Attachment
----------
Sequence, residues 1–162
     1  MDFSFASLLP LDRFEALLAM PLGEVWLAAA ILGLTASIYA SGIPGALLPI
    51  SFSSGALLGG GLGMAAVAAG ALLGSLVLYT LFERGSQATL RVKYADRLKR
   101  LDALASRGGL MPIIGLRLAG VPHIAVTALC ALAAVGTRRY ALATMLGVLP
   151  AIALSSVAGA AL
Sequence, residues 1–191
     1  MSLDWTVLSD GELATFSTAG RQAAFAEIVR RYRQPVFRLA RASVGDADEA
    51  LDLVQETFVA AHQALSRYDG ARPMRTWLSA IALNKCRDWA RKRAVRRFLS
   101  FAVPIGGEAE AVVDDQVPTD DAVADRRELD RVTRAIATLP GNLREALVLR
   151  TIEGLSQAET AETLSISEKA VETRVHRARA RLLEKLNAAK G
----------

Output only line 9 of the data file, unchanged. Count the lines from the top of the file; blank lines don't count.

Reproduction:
   101  FAVPIGGEAE AVVDDQVPTD DAVADRRELD RVTRAIATLP GNLREALVLR